by Taro Iwamoto, GCFP
This article originally appeared on the Trans4Move blog.

Are you afraid of falling? Perhaps you have noticed a change in your ability to balance recently. Perhaps you think that these changes are just a natural part of aging, or because of a recent injury or diagnosis.

a small stack of books and a wine glass are balanced on the upward-facing sole of apink-socked foot
Photo by ThoughtCatalog on UnSplash

Here’s the typical scenario: As people’s balance declines, they start to feel less confident and start to restrict their movement patterns, including breathing. They start to move more rigidly, holding muscular tension as if already bracing for a fall. Unfortunately, these changes in movement patterns have a negative effect on their ability to remain upright. They sacrifice the ability to react quickly to disturbances to their balance, and to move freely to regain it. Therefore they are much more likely to lose their balance and fall. Statistically, fear of falling is one of the greatest causes of falling in older adults.

Once they have experienced a fall, they become even more rigid. Their nervous system is traumatized, so they feel more anxiety and fear of falling. Physical balance and emotional balance are closely related. In other words, if you can improve your sense of balance, you can improve your confidence, feel more stable, and feel less anxious and fearful of falling. When you are not afraid of falling, you will find yourself less afraid of failing, or trying new things, even meeting new people. Your physical resilience and your mental and emotional state are intimately connected. It’s not too late to bring balance back into your life.

When you hear the term “balance exercises,” what comes to mind? Perhaps balancing on one leg? Walking on a straight line?

Traditional balance exercises involve challenging your balance in standing. “Good balance” is determined by how long you can hold a certain position without losing balance, or how well you can maintain your stability while performing balance activities. While many disciplines such as physical therapy, yoga, personal training, and Tai Chi work with balance in this way, the Feldenkrais Method® of somatic education approaches balance with a unique perspective.

Feldenkrais® teachers look at how you use your whole body to adjust your balance continuously: in other words, coordination. Balance is dynamic, not static. You are constantly moving even when you’re standing still, though you may not be aware of it. Therefore, improving balance is not about learning to hold your body still in place. It is about improving whole-body coordination so you can constantly adjust your center of mass over the base of support .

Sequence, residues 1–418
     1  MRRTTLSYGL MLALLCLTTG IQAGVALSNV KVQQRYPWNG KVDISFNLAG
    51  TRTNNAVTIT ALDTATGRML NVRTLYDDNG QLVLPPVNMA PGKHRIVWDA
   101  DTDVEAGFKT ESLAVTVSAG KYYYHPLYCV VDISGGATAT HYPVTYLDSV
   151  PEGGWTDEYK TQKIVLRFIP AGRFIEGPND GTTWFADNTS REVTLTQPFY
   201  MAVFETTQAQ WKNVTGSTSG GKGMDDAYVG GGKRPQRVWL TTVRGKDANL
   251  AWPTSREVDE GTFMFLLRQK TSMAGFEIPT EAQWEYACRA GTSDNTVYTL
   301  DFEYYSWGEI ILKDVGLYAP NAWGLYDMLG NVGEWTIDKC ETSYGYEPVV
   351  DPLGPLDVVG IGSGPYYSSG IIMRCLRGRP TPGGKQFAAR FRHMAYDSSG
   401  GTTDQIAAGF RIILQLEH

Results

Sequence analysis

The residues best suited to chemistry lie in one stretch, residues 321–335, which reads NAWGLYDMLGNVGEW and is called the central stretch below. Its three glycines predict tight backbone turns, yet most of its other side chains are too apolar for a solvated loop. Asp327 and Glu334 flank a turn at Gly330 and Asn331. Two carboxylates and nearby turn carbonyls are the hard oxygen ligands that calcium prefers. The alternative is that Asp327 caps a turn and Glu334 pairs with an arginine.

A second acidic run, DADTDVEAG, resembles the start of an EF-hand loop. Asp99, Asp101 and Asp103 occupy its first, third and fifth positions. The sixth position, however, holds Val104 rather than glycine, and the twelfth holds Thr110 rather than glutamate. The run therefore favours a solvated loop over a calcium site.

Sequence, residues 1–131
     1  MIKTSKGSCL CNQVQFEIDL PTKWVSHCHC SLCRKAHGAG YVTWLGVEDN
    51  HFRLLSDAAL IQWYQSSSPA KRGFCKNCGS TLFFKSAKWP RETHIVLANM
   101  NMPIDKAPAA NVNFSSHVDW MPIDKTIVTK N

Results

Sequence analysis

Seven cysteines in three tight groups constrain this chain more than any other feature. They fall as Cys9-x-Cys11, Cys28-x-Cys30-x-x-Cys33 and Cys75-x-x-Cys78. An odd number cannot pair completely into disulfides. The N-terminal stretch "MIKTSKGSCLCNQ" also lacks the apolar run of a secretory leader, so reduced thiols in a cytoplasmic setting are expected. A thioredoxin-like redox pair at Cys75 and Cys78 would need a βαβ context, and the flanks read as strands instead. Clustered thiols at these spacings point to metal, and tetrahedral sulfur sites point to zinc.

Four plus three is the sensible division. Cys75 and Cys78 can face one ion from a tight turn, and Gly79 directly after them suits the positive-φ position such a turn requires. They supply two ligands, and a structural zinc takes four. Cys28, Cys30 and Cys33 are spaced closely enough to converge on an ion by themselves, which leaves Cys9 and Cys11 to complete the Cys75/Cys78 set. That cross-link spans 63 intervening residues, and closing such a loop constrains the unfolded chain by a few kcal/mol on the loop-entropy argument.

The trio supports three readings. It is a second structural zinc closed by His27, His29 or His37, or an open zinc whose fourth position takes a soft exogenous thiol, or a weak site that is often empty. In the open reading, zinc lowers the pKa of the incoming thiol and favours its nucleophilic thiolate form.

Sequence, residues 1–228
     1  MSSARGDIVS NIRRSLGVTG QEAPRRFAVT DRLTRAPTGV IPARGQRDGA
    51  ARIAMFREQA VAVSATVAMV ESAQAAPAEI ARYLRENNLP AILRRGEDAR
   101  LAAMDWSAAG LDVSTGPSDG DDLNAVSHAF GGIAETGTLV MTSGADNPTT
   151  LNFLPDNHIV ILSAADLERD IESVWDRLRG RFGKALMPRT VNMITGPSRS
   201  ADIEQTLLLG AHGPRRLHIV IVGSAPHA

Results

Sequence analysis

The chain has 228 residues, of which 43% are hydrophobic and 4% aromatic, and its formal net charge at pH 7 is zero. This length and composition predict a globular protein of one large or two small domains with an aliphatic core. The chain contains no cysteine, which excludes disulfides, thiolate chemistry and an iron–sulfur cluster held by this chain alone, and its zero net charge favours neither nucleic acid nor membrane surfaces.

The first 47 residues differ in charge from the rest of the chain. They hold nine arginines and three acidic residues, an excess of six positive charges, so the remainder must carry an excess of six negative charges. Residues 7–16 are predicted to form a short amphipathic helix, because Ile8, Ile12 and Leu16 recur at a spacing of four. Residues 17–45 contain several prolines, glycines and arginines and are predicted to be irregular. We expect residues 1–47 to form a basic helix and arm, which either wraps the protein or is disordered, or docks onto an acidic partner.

You become more rigid and hold your breath when your nervous system perceives you might be falling, which is then felt as fear and anxiety. It really doesn’t help to increase your effort to maintain balance by contracting more muscles and making your body more rigid because it will only decrease your freedom to move.

Most “balance exercises” in a standing position can reinforce your tendencies to contract muscles, restrict breathing, become rigid, and feel anxiety and fear. In the Feldenkrais Method, the teacher may interrupt your habitual patterns by working in other orientations, like sitting in a chair or lying down. In the lessons, you will experience the feeling of both your center of mass and base of support, and how they relate to improve your coordination and safety.  

Try this short movement exploration of balance and counterbalance. All you need is a sturdy chair and a beach towel or blanket. Check your sense of balance before, and after. What were the results?

Sensory awareness, with gentle movement coordination, will keep you flexible and responsive to changes so that you can regain your balance more easily. Contact a Guild Certified Feldenkrais PractitionerCM near you as part of your falls-prevention plan.

Taro Iwamoto
Taro Iwamoto

Taro Iwamoto is a Guild Certified Feldenkrais PractitionerCM in Seattle WA, where he lives with his wife, 3-year-old son, and 5 different types of coffee makers (he loves coffee just as much as movement!). He is a 2018 graduate of the Seattle Eastside Feldenkrais Professional Training program (SEFT). With a background in athletic training, physical therapy, and martial arts, he helps people transition through aging smoothly and confidently. To learn more about Taro, visit his website: and YouTube channel.